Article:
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Characteristics of the Dutch East Indies Operation

The operation to capture the Dutch East Indies had the following characteristics:
1. It depended on the success or failure of the surprise attack on Hawaii by the Carrier Task
Force (the First Air Fleet as its core). That is to say, the Malaya operation and the Philippines
operation were to be pushed through regardless of the result of the Hawaii attack, but the
execution of the Dutch East Indies operation largely depended on the success or failure of the
Hawaii attack.
2. The operation was designed to strategically use the Philippines, British Borneo and Malaya as
stepping stones. Therefore, the progress of operations in these areas, those of the Fourteenth and
the Twenty-fifth Armies in particular, would be decisive.
3. As this was a big transoceanic operation over a wide area with long distances to be covered,
Coordination between different corps and detachments carrying out subdivided operations was
imperative.
4. The entire operation required close cooperation between ground, sea and air units. That is to
say, it was necessary to conduct repeated offensive operations to destroy the enemy air power,
followed by moving forward a convoy, escorted by navy war vessels under friendly air cover,
after which ground units, upon landing ashore, immediately should occupy and equip air bases,
then upon the air bases being made ready, the air force units should advance to these bases and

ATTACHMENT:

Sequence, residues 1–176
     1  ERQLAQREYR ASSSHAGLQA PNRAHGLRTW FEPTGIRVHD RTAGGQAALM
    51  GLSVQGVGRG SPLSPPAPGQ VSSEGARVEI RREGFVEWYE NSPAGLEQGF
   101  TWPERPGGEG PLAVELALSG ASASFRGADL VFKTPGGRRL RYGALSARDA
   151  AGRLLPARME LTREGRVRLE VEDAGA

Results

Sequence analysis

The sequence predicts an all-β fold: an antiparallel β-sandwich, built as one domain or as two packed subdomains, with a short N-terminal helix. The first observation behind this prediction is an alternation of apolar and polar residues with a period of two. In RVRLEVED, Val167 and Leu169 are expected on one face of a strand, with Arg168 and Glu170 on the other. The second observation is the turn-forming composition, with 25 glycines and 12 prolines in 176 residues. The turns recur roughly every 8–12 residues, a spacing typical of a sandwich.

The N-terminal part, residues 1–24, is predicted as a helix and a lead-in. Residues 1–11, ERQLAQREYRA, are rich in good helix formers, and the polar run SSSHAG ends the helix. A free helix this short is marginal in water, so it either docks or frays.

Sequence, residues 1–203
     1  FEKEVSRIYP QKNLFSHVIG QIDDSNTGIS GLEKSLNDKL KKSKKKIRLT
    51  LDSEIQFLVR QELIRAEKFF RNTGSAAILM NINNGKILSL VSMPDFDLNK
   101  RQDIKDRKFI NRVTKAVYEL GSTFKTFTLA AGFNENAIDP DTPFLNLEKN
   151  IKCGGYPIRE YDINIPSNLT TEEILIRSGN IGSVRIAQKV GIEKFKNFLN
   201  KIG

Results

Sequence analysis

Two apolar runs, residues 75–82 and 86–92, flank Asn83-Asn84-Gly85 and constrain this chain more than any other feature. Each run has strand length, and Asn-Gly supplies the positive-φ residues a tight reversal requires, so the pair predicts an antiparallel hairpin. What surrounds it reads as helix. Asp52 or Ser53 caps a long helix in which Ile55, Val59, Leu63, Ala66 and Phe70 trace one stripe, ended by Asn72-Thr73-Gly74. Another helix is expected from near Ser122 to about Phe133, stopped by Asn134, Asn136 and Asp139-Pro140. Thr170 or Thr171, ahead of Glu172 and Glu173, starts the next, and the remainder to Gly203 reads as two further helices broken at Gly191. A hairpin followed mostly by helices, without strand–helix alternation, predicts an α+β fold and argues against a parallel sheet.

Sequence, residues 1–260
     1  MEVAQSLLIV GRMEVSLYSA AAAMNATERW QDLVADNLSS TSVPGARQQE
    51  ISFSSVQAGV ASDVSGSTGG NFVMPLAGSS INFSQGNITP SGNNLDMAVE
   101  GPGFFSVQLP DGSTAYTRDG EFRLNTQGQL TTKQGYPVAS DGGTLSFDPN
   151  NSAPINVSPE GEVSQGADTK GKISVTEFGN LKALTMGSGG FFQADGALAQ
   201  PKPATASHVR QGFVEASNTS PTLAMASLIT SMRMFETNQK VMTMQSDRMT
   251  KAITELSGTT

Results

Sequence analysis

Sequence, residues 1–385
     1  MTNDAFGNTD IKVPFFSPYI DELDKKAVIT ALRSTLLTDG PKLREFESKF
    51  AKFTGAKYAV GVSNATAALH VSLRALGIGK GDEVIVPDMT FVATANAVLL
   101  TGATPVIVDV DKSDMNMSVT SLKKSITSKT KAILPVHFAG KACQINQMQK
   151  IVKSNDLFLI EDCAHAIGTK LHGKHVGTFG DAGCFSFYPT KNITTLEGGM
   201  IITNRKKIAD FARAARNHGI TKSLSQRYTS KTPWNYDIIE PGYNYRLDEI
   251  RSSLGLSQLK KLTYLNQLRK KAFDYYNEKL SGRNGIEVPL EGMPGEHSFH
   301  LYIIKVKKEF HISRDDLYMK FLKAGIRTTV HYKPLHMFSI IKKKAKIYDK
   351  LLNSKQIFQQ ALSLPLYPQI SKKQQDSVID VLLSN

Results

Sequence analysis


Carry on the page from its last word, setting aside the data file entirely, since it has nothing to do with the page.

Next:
engage in their [next] air operations. Moreover, even though ships and war vessels had been
allotted to the southern operation to the fullest extent possible, the ships and escort war vessels
were required to be diverted back and forth (north and south), left and right (east and west),
because the operation was planned to transport, in a short period of time, an extremely large
force of military units, too large compared to the number of available vessels. Therefore the units
concerned had to move as an elaborate clockwork of gears and cogwheels.
5. The Malaya operation and the Philippines operation were to be carried out by means of
surprise attacks (or at least sudden attacks). However, the Dutch East Indies operation was to be
carried out after a considerable number of days had elapsed. Therefore, the operation had to
launch an assault on well-prepared allied forces. Furthermore, it was expected that during that
period Java would be provided with U.S. and British reinforcements (from Australia and India),
and also be reinforced with forces falling back from the Philippines and Malaya, whereas it was
also expected that the Japanese forces would have sustained an accumulated loss of aircraft,
ships, etc.
6. The operation would be executed depending on the progress of the Malaya and Philippines
operations. Therefore it was an operation that followed the strategic guiding principle of
enhancing war achievements, requiring a well-matched momentum of speed and strength.
7. Two out of the three divisions of the Sixteenth Army were divisions that were to join the
operation only after the capture of the strongholds of Hong Kong and Manila. There were many
other units which were used in two different operations.
8. Attached to the operation was the task of safely occupying oil fields and securing them before
their destruction by the allied forces.